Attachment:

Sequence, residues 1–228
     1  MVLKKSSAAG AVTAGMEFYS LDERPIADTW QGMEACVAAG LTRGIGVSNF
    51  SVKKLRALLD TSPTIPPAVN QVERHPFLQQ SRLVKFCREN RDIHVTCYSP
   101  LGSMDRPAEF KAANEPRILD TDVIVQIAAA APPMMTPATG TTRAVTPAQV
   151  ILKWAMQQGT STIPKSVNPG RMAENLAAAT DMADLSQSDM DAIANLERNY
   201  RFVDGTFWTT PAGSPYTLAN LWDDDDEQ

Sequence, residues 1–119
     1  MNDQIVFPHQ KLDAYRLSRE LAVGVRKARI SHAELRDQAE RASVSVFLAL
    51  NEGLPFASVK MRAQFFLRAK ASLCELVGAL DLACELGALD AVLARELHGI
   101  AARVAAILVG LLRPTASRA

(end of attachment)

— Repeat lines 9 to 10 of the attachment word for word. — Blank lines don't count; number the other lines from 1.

    51  NEGLPFASVK MRAQFFLRAK ASLCELVGAL DLACELGALD AVLARELHGI
   101  AARVAAILVG LLRPTASRA